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The 'rip cord' Elon Musk could pull to get out of buying Twitter

Musk said Friday that the deal is on hold pending a review of Twitter’s measurement of how many spam or “fake” accounts are on the platform.
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The $44 billion Elon Musk agreed to pay for Twitter and take it private is looking less financially appealing.

Musk said Friday that the deal is on hold pending a review of Twitter's measurement of spam or "fake" accounts on the platform, suggesting there could be an issue with the company's disclosure of them.

Musk linked to a report of a filing this month by Twitter that indicated fake accounts comprise less than 5 percent of its 229 million users. As part of his bid to purchase the company, the billionaire had said one of his priorities is ridding the platform of "spam bots," fake Twitter accounts that generate automated messages.

This latest development in Musk's acquisition could signal he is looking for a way to change the terms of the deal, or perhaps back away from it entirely, without having to pay a $1 billion penalty.

Musk is relying on what is known as a specific performance clause in the contract to avoid that penalty. Essentially, the clause ensures that a purchaser is buying a product as promised, without any defects. Twitter did not immediately respond to a request for comment.

The company has previously disclosed it has performed internal surveys that found less than 5 percent of its daily active users are spam accounts. The matter is essential to how Twitter makes money. Ads, which generate revenue for the company, are served to its millions of users every day. Advertisers look for users to engage with, and spend money, based on those ads.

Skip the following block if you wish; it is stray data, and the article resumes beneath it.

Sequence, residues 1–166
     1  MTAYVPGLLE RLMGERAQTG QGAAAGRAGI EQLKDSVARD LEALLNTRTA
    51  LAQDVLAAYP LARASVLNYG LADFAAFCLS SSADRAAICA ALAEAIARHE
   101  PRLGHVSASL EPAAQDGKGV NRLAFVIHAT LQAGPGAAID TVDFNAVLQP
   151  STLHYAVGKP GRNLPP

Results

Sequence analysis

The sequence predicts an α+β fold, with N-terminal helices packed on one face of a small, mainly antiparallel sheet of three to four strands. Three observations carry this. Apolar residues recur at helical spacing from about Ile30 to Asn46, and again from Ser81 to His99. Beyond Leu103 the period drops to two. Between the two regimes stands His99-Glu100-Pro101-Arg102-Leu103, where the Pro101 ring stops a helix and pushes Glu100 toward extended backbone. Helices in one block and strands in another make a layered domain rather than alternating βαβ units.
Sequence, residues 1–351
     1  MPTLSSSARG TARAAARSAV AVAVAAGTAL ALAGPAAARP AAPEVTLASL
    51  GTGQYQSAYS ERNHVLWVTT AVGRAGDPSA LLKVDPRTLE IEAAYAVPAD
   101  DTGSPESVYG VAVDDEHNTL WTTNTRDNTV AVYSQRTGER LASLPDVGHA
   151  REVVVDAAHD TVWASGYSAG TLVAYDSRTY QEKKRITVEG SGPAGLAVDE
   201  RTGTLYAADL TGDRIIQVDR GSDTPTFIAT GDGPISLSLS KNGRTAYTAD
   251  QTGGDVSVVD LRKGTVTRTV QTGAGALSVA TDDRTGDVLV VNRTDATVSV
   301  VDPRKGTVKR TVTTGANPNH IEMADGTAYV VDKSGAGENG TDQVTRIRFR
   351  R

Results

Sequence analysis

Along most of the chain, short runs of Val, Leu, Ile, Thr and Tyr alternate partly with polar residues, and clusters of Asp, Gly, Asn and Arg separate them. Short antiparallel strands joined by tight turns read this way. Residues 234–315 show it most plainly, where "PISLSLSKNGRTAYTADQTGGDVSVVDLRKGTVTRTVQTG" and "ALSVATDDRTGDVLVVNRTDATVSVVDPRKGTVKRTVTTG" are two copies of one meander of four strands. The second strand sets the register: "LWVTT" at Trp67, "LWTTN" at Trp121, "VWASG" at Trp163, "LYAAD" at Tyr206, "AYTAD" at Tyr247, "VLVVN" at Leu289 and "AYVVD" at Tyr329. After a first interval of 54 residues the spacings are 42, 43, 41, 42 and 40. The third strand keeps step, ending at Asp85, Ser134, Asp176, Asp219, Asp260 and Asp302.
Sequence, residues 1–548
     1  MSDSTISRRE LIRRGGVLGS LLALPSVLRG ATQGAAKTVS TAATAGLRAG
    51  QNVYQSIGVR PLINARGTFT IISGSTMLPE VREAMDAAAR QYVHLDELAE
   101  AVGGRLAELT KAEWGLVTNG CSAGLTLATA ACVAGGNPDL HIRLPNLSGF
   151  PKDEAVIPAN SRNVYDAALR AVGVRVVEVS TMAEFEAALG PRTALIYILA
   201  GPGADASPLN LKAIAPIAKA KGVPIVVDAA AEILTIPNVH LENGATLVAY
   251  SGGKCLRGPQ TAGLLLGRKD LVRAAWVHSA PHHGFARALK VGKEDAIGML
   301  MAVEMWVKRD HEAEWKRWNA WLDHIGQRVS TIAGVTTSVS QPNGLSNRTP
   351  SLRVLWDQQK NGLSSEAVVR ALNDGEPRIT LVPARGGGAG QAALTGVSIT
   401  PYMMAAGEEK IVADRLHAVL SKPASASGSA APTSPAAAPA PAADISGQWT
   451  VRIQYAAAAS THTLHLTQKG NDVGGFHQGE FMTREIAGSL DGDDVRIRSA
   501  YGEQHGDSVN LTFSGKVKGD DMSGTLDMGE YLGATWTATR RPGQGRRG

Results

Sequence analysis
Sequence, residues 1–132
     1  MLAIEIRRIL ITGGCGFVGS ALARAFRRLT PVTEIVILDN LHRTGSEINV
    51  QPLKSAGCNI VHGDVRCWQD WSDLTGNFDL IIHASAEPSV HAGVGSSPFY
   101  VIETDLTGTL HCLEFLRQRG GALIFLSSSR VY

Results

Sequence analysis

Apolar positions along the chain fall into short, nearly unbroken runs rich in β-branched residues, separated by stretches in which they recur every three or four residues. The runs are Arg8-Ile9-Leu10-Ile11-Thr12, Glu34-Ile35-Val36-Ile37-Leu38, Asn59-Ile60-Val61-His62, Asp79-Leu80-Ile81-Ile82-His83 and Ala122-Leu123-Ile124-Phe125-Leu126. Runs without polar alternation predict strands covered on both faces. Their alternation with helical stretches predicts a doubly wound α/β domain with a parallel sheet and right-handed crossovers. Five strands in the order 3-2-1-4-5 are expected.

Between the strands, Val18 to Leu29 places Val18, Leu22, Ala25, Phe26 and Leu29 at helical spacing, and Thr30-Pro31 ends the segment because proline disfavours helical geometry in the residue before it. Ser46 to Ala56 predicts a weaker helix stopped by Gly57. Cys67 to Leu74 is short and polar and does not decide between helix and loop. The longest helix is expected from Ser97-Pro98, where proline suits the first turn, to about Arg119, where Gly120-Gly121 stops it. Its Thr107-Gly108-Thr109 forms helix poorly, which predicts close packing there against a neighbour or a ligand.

Since May 5, Twitter shares have lost about 20 percent of their value. The company was worth about $31 billion as of Friday.

Musk said he is still committed to the acquisition, but if he can prove Twitter is overrun with automated bot accounts, he could attempt to argue in court that Twitter as a product is faulty — or at least worth less than the price he agreed to pay for it — and that the deal should not go through.

Columbia University law professor Eric Talley said it appeared Musk was "looking for a rip cord to pull."

It was not clear how Musk planned to verify the share of fake accounts. Musk could not immediately be reached for comment.